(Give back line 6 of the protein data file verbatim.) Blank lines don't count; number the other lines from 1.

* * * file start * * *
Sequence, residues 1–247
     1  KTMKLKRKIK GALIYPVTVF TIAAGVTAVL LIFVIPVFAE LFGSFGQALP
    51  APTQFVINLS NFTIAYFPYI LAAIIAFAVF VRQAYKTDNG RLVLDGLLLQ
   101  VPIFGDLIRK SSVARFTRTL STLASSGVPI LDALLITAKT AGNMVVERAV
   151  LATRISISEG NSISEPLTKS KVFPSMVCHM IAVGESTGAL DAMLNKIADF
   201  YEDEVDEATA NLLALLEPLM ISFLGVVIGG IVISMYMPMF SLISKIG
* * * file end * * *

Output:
   201  YEDEVDEATA NLLALLEPLM ISFLGVVIGG IVISMYMPMF SLISKIG